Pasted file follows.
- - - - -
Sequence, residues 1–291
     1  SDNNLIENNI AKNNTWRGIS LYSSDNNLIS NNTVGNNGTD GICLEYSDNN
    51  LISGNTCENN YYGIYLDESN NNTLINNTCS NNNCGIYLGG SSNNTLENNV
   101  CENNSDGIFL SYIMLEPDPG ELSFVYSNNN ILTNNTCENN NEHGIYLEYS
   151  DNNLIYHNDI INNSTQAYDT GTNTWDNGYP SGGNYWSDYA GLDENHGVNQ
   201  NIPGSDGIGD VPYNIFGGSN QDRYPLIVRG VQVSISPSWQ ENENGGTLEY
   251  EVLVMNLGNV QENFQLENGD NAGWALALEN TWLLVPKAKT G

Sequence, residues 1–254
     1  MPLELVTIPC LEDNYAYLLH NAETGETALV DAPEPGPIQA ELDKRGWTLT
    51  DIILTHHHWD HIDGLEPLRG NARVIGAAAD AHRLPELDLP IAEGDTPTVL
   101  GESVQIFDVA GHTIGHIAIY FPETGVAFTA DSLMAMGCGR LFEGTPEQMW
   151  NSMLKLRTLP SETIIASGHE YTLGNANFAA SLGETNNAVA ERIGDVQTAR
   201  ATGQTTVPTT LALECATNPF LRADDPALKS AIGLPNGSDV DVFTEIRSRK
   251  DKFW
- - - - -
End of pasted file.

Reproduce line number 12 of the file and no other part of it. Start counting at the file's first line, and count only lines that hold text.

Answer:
   151  NSMLKLRTLP SETIIASGHE YTLGNANFAA SLGETNNAVA ERIGDVQTAR